On Wednesday, May 9, 1979, Nafiu Isyaku Rabiu and his beautiful wife Fatima hosted his three friends to a dinner in the verdant garden of his Dawaki Road, Kano residence. After the sumptuous feast, toasts and clinking glasses, the friends left the “happy” couple “quite alright” at around 11pm.
The following day, Kano awoke to the most celebrated murder case in history. The story was that Nafiu Rabiu, the prima donna of Kano socialites and oldest son of a rich Kano cleric, Sheikh Isyaku Rabiu, had murdered his wife, Fatima. Nafiu Rabiu was in those days notorious for alleged methomania, reckless driving, vanity and hedonistic lifestyle.
In the public court, Nafiu Rabiu was pronounced guilty of killing his wife by pushing her down stairs. According to some accounts, the then governor of Kano State, Muhammadu Abubakar Rimi, took a vow to send Nafiu Rabiu to the gallows, just as Fatima’s millionaire dad, Tijjani Aliyu Dagazau, undertook to ensure justice for her at all costs.
But to the chagrin of the state, the family of the deceased and the people of Kano who trooped to “Kotun Nafiu” on Court Road, Kano to witness the proceedings, the Supreme Court on November 21, 1980 (exactly 37 years ago yesterday) dismissed the appeal of Kano State government.
In their testimonies, Nafiu Rabiu’s cook and driver gave the account of what transpired in the house on May 10, 1979. The cook said he came to the house in the morning and strangely found the door locked, and when he asked his colleague (the driver), who normally kept the keys to the main building, for the key, he told him was not given the key.
After waiting for a couple of hours, Nafiu Rabiu opened the window and threw the keys to the driver. At 10am, Nafiu Rabiu re-appeared and asked his cook to open the kitchen door as he had misplaced the keys to the front door. Nafiu later came out holding “soiled blankets and clothes” and asked his driver to put them into the boot of his Peugeot 504. Nafiu then asked the driver to pick his mother in-law in his other car, a Mercedes-Benz saloon, from Kano airport. According to Nafiu’s account, the mother-in-law was due to arrive from Niamey that day.
Nafiu later drove out in his Peugeot 504 and instructed his cook to serve his wife (who according to Nafiu Rabiu’s account was asleep when he left the house) when she woke up. For the first time, Nafiu left the keys to the door leading from the kitchen to the lounge and other parts of the main house with the cook.
Later in the noon, their children (who apparently slept the previous night elsewhere) were driven to the house. With the keys left, the cook opened the inner lounge leading the room to the children. They found their mother dead.
Those who saw Fatima’s body suspected foul play after noticing injuries and signs of strangulation. The state took up the matter, hiring top pathologists to conduct autopsy on her body. The team of the four pathologists who conducted the post-mortem examination was led by Dr. Bansi Badan Tribedi, a senior Consultant Pathologist working as pathologist since 1948 in Calcutta, United Kingdom and Ghana for 14years, and in Nigeria for seven years.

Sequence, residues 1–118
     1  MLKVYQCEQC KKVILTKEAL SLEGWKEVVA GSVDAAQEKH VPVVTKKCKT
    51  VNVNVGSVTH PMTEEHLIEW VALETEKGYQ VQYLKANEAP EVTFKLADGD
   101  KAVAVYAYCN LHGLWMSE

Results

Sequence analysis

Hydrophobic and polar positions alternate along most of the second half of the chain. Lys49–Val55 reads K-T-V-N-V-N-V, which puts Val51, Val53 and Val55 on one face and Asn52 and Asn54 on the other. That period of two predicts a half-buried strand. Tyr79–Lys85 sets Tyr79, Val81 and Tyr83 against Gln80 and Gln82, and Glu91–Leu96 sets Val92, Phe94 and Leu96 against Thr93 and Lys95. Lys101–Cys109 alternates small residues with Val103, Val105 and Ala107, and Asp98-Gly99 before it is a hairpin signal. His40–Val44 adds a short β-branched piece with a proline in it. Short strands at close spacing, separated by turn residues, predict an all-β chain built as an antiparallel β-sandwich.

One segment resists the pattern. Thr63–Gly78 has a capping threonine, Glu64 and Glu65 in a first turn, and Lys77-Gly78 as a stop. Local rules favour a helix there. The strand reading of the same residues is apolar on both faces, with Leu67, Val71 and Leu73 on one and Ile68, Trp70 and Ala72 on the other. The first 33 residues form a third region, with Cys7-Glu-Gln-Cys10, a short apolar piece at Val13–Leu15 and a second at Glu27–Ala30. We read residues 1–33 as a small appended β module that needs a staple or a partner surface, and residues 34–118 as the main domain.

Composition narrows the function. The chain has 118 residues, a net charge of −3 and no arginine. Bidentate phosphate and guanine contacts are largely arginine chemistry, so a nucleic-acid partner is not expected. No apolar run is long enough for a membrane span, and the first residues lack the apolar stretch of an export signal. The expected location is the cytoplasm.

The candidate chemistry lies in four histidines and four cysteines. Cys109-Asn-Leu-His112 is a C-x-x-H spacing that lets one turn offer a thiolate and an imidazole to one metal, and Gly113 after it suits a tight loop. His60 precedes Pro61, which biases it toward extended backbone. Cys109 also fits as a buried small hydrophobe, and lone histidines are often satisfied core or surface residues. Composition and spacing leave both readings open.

But despite state resources, public interest, the influence of Fatima’s father, the prosecution failed to establish beyond reasonable doubt that Fatima had died as a result of strangulation that led to asphyxia.
Similar cases abound where powerful families escaped the hangman’s noose for their ability to pay for expensive legal services. A story was also told of how late maverick billionaire, Deinde Fernendez, footed the legal bill of his sister-in-law, Maryam Maude, who was tried and later acquitted of murder of her boyfriend about 10 years ago. The case of Mohammed Knight, Deji Adeyanju, Kabiru Ali Maitangaran and Musa Musa Daura who were tried and acquitted for killing one Alhasan Ali at No. 73, Church Road, Sabongari Kano in 2005, is still fresh in our mind.
With the exception of Salisu Babuga’s case (I think in 1987), who was hanged decades after killing his friend, Mamuda, most cases involving the rich families go unpunished or get lighter sentences. But a “two-fighting” between ordinary Nigerians who cannot afford legal service may lead to jail term. In Nigeria, what is clearly a coroner’s case, is left for the family of the victim to “support”. This is how our country is.
Maryam Sanda’s case has proved that domestic violence is not male exclusive act. With a few exceptions (such as Nafiu Rabiu’s case), male partners are always at the receiving end of fatal domestic abuse. Of course male at times display their dexterity in kickboxing on their wives, but cases of stabbing and poisoning of husbands are prominent among women.
I am also one of those who want Maryam Sanda to die by firing squad for the brutal killing of her husband, Bilyamin Bello last weekend. But the fact of the matter is that the law is an ass. The way Maryam Sanda rigged up the scene of the murder by breaking a bottle of Shisha tells every discerning mind that they were prepared for a legal showdown.
Unlike in the case Nafiu Rabiu’s wife where experienced pathologists were immediately engaged for autopsy, in Bilyamin’s case, I learn on good authority that no autopsy was carried out. This is no good tidings.
May Bilyamin get justice not “law” as American novelist, William Gaddis, averred: “You get justice in the next world. In this one you have the law.”